Some examples:

“I didn’t get any sleep at all last night.”

“I am dreading bedtime.”

“Why does sleep come so easily for everyone but me?”

“I feel miserable because I didn’t sleep well.”

“I can’t sleep without sleeping medication.”

Jacobs suggests developing mindfulness around these thoughts and to intentionally substitute alternatives.

Those could include:

“I know nothing bad will happen to my health if I can’t sleep.”

“I can be fine with just my core sleep.”

“I am confident that I can make the changes necessary to invite good sleep back into my life.”

The brain is a powerful organ.

Fact: We are creatures of association, and we need to teach our bodies that “being in the bed” is associated with “sleep.”

Most people with insomnia experience a growing sense of worry as night approaches. The problem is that not only are we stressed by whatever has initially caused our sleeplessness, but we begin to be worried about not sleeping. We start associating the bed with sleeplessness and frustration. Bed becomes a cue for wakefulness and insomnia.

This is why Jacobs strongly recommends using your bedroom only for sleeping and for sex.

Fact: What matters in overcoming insomnia is sleep efficiency, not the total number of hours in your bed.

Another shocker. Normally, if we’re not sleeping well, we go to sleep earlier and let ourselves sleep later. But in reality, this only allows for more time in bed when we aren’t sleeping, reinforcing the mental association between bed and Not Sleeping.

Jacobs suggests going to bed later than normal and setting the alarm, making sure to wake up early at the same time every day.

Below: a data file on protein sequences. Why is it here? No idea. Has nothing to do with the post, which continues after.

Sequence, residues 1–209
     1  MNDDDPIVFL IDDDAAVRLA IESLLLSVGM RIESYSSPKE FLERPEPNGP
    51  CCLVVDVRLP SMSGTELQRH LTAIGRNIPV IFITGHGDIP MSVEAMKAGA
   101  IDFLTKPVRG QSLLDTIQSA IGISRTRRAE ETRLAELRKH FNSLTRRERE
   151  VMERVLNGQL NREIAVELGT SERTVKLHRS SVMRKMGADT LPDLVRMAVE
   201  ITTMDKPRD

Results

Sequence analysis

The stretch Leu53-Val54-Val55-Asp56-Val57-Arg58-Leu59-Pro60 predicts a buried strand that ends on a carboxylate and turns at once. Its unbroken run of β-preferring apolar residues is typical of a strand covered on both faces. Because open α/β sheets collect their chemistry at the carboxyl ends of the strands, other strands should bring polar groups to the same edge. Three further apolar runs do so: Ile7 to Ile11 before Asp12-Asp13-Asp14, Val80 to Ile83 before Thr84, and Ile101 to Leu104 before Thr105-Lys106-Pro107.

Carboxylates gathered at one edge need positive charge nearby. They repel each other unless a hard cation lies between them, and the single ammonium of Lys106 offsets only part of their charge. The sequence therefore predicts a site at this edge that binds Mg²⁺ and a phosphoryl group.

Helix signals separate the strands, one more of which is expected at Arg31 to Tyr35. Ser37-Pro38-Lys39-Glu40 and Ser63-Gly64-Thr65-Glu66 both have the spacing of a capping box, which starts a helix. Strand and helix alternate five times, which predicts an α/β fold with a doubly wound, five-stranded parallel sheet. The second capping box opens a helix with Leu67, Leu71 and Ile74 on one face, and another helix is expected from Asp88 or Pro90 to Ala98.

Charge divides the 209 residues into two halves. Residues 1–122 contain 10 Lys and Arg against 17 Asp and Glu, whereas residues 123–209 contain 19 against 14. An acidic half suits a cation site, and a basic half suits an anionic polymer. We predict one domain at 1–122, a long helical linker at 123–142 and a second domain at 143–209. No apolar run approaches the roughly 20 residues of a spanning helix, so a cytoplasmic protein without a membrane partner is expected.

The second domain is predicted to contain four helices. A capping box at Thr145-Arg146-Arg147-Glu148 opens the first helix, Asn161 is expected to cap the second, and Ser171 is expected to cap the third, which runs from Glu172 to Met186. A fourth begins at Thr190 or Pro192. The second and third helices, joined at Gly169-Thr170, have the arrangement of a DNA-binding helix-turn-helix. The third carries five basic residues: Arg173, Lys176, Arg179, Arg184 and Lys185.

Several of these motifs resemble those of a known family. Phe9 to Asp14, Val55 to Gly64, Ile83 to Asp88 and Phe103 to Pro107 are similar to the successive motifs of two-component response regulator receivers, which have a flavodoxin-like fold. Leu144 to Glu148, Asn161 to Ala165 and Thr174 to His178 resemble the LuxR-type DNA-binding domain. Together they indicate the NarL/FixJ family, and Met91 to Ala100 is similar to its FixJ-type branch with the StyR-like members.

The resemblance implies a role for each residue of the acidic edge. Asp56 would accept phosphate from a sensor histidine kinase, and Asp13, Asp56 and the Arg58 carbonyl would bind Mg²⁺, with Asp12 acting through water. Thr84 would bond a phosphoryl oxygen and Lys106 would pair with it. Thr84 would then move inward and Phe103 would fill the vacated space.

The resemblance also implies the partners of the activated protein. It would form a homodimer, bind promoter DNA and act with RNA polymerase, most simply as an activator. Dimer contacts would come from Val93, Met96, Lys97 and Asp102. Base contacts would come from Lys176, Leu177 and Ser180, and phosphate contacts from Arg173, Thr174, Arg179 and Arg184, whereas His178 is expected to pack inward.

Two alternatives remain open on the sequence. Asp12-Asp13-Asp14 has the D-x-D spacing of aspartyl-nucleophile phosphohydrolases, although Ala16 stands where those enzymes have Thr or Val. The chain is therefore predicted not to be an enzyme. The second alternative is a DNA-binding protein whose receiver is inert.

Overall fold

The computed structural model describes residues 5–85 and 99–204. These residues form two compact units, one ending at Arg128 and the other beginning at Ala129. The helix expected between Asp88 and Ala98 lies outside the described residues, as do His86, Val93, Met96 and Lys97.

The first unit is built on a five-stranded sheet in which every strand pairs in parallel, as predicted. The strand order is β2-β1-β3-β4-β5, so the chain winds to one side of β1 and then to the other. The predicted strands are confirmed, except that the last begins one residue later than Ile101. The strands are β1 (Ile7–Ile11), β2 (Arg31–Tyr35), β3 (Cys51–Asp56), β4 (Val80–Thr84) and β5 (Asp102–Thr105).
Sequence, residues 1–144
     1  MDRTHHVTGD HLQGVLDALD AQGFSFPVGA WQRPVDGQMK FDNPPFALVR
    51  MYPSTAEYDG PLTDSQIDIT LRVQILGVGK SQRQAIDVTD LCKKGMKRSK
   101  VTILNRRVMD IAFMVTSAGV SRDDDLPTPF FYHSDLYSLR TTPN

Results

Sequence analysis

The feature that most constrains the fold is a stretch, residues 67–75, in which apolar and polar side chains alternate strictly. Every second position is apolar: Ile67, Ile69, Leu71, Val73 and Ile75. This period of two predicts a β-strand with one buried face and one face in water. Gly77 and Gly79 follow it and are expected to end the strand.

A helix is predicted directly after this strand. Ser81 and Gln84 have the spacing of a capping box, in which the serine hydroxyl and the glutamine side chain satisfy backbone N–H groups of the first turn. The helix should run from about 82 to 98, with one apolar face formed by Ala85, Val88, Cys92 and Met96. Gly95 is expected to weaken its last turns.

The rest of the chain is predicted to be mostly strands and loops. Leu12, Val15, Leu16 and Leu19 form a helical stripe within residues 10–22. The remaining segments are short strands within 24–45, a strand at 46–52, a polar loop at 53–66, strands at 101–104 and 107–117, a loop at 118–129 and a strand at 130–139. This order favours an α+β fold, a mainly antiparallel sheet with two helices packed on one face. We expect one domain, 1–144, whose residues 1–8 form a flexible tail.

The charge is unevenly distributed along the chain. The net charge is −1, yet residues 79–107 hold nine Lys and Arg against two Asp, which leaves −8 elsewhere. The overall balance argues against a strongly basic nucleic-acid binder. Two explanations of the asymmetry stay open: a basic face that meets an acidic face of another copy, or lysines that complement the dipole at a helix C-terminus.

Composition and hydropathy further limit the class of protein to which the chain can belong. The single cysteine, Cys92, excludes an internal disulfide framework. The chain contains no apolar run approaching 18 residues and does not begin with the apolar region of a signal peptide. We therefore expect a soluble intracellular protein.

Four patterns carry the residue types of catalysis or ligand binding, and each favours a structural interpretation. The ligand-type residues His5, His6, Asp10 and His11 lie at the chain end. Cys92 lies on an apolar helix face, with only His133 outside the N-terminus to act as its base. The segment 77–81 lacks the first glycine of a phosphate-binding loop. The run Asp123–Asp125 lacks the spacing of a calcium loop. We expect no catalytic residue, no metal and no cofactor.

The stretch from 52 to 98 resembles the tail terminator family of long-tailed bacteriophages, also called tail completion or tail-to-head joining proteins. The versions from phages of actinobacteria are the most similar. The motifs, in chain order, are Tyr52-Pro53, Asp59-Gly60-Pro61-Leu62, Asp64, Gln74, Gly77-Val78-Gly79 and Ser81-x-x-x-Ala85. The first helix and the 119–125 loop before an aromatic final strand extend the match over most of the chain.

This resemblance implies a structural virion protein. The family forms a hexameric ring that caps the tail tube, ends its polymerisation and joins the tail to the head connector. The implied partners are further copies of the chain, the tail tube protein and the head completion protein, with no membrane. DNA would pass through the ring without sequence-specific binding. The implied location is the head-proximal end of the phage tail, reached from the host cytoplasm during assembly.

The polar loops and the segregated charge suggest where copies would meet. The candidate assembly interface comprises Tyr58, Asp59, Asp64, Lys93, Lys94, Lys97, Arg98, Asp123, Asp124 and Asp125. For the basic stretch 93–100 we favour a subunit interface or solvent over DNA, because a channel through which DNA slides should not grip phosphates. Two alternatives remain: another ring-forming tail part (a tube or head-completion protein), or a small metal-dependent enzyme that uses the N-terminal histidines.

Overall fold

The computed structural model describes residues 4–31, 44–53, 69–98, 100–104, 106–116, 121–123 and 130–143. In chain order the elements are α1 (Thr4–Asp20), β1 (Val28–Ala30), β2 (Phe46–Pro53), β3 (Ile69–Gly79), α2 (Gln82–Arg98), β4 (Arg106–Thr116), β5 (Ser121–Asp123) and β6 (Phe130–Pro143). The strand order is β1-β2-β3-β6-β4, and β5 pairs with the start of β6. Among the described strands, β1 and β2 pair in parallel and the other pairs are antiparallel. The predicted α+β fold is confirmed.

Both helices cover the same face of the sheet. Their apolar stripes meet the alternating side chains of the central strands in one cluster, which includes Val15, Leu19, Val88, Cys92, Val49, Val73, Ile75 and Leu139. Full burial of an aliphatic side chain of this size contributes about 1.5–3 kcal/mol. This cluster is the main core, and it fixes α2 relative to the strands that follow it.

He even recommends winding down in another room. Start reading on the sofa and then, when you feel the drowsiness coming on, head for the bedroom.

The goal is to have the total number of hours slept and the total number of hours in bed be as close as possible.

The first night, I stayed up until 1:00 a.m. and set my alarm for 7:30. Staying up until 1:00 wasn’t too hard the first night, and I fell asleep within an hour. But I had been used to letting myself sleep in, often past 9:00 a.m., if I had a short night, so when the alarm rang at 7:30, I was sleeping soundly and it was hard to get going.

The second night I also stayed up until 1:00 but it was much more difficult, as I had gotten up early. I fell asleep within 20 minutes and was awakened by the alarm at 7:30 the next day.

On the third night, I went to bed a bit earlier, at 12:30, and kept the alarm set at 7:30. I fell asleep within ten minutes. In the morning, a curious thing happened: I woke up a few minutes before the alarm rang.

Within a week, I was going to bed around 10:15, falling asleep by 10:30, and, with the exception of a pee break or two, sleeping straight through to 7:30, feeling consistently well-rested.

Fact: Our bodies have two “modes:” sleep mode and wakefulness mode. Insomnia indicates a weak sleep mode and an overactive wakefulness mode.